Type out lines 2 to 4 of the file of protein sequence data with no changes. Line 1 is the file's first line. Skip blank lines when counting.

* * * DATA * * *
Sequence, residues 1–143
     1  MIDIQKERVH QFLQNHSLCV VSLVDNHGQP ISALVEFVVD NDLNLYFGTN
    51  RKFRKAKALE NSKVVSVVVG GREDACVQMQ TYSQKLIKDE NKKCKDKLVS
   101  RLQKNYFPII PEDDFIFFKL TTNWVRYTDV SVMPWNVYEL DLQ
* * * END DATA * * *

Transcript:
     1  MIDIQKERVH QFLQNHSLCV VSLVDNHGQP ISALVEFVVD NDLNLYFGTN
    51  RKFRKAKALE NSKVVSVVVG GREDACVQMQ TYSQKLIKDE NKKCKDKLVS
   101  RLQKNYFPII PEDDFIFFKL TTNWVRYTDV SVMPWNVYEL DLQ